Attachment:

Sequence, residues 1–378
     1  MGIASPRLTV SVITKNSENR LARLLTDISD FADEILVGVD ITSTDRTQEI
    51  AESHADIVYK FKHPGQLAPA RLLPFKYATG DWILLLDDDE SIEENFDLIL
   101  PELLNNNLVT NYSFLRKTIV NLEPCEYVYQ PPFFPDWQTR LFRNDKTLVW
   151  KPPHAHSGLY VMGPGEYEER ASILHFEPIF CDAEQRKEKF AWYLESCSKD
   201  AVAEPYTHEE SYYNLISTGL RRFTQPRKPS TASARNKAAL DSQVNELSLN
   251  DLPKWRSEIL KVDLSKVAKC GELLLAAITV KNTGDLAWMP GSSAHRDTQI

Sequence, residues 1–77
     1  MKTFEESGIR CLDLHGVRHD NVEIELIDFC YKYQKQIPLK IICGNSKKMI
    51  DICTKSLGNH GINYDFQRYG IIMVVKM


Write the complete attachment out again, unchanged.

Sequence, residues 1–378
     1  MGIASPRLTV SVITKNSENR LARLLTDISD FADEILVGVD ITSTDRTQEI
    51  AESHADIVYK FKHPGQLAPA RLLPFKYATG DWILLLDDDE SIEENFDLIL
   101  PELLNNNLVT NYSFLRKTIV NLEPCEYVYQ PPFFPDWQTR LFRNDKTLVW
   151  KPPHAHSGLY VMGPGEYEER ASILHFEPIF CDAEQRKEKF AWYLESCSKD
   201  AVAEPYTHEE SYYNLISTGL RRFTQPRKPS TASARNKAAL DSQVNELSLN
   251  DLPKWRSEIL KVDLSKVAKC GELLLAAITV KNTGDLAWMP GSSAHRDTQI

Sequence, residues 1–77
     1  MKTFEESGIR CLDLHGVRHD NVEIELIDFC YKYQKQIPLK IICGNSKKMI
    51  DICTKSLGNH GINYDFQRYG IIMVVKM